At first glance, Charlotte looks like a solid bet to make the playoffs for the first time in franchise history. The Bobcats are seventh in the Eastern Conference, a half-game ahead of Toronto, three games clear of ninth-place Chicago and a half-game behind Miami with 12 to play. Eight of those games are at home, where Charlotte is 25-8. And four of them are against teams in the bottom six of the NBA -- Washington, New Jersey, Minnesota and Philadelphia.
But there's no sense in trying to predict Charlotte's performance in what has been a screwy season, best exemplified by its beating the Cavs (56-15) three out of four while losing to the Nets (7-62) two out of three. With such maniacally competitive figures as new majority owner Michael Jordan, coach Larry Brown and leading scorer Stephen Jackson all on board -- not to mention All-Star Gerald Wallace and his nonstop motor -- perhaps it's not surprising that this team is simultaneously so feisty and so erratic. If the Bobcats are involved, the chances of an intense, sloppy game are very high indeed. Charlotte leads the league in turnovers per 100 possessions, but it also generates the third-most miscues via its stifling defense.
Because the Bobcats' grind-it-out style already approximates the dominant tendency of playoff hoops, they could be a dangerous foe in the postseason -- especially if they fall to the eighth seed and draw a first-round matchup with a Cavs team under extraordinary pressure to reach at least the NBA Finals. Jackson, of course, was part of a Warriors team that toppled the Mavs in 2007, the only time an eighth seed has upset a No. 1 in a seven-game series. Given the media's love of a recurring narrative and Jackson's thirst for the spotlight, we'll see a lot of "Captain Jack" if Cavs-'Cats comes to pass.
But having Jackson's ego expanded is probably not a good thing for Charlotte. While he has brought rugged, versatile defense, a much-needed ability to get his own shot and an undeniable swagger since his arrival in November, he has to stop regarding himself as the go-to guy in crunch time.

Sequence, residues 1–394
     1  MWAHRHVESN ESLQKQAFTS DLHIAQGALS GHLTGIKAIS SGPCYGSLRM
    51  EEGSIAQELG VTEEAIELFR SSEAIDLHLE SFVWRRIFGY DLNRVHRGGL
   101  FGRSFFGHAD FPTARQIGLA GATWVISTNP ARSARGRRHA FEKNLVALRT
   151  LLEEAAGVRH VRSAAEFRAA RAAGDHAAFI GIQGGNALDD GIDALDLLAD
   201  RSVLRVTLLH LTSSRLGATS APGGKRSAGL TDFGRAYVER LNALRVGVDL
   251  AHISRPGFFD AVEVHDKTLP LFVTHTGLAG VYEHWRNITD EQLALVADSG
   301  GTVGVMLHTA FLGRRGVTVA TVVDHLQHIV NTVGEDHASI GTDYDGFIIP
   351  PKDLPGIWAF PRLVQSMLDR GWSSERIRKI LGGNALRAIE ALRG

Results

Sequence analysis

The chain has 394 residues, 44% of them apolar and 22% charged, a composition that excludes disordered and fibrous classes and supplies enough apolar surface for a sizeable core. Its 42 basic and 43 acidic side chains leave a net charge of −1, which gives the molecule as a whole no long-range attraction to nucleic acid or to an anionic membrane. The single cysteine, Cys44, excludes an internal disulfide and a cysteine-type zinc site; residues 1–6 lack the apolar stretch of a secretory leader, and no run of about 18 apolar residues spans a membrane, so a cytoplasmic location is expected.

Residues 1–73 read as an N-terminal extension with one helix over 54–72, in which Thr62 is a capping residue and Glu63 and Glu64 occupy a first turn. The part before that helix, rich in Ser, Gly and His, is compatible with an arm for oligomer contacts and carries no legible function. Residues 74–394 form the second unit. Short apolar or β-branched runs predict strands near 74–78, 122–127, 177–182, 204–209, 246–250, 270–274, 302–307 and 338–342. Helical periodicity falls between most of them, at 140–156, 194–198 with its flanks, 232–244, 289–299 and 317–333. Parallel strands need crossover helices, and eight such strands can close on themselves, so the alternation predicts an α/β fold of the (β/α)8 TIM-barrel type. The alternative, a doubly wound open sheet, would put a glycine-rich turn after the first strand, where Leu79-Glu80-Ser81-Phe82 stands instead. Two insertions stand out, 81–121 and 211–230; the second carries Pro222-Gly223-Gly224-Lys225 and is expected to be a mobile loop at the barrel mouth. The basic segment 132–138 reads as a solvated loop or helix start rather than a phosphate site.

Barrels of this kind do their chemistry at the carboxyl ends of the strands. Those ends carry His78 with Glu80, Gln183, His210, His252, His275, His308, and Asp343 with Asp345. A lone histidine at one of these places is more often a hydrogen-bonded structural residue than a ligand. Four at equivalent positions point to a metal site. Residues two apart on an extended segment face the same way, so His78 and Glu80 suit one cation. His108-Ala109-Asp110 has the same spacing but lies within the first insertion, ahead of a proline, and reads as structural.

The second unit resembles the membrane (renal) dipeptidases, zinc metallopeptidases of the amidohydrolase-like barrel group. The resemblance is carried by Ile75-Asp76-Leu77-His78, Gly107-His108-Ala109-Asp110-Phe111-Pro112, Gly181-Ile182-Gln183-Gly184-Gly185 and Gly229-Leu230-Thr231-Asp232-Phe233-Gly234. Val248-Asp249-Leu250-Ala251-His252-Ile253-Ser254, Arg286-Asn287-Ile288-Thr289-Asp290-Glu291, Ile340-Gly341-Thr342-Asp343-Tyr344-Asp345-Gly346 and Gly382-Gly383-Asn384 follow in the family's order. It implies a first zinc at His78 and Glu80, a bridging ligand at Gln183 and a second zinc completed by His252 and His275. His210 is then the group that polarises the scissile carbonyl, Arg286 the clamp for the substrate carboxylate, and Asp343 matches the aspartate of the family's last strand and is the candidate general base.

In an overtime loss at Atlanta last Friday, Jackson missed two free throws in the final minute that would have helped win the game in regulation, then stubbornly tossed up three straight bricks from three-point territory in a 57-second span in OT while the Hawks forged a 91-88 lead. Contrast that to point guard Raymond Felton's hitting two clutch shots to put the Bobcats back up by one before Joe Johnson's buzzer-beater decided the game.
The "Clutch Statistics" segment of 82games.com shows that this isn't an isolated case. In the last five minutes of the fourth quarter or overtime of games in which neither team leads by more than five points, Jackson makes less than a third of his shots (32.8 percent). Wallace is nearly as inept (33.3 percent), while Felton is a 50 percent shooter in the clutch. For that matter, Jackson hasn't been very accurate under any circumstances lately -- he's shooting 37.9 percent in March, including 25 percent from three-point range.
Unlike his previous playoff experiences in San Antonio, Indiana and Golden State, Jackson doesn't have gifted scorers for teammates. But as a career 42 percent shooter himself, he needs to remember that his rough defense on Nowitzki was his chief claim to fame in the Warriors' victory against the Mavs. He's a mucker on a team that wins ugly.
• Anyone who has watched the Spurs recently knows they are not going to win a fifth ring for Tim Duncan's thumb this year. But as the hallmarks of the Duncan-era dynasty become increasingly threadbare, the grit and grace of the team's battle to retain its relevance in the championship chase adds new luster to the proud legacy of a franchise that won four titles from 1999 to 2007.
There is no other way to put this: Duncan is wearing out. On the tail end of a back-to-back last Wednesday, he ran into Dwight Howard and the Magic and scored just five points on 1-of-10 shooting in 25 minutes, a period in which the Spurs were a minus-21. And after playing 41 minutes in a disheartening overtime loss to Atlanta on Sunday, Duncan was taxed by 20-year-old Thunder center Serge Ibaka in the fourth quarter of another back-to-back on Monday, grabbing just one rebound in nine minutes while shooting 0-for-4 from the field and getting his final shot blocked. The Big Fundamental was so wiped out that he didn't even grouse at the officials.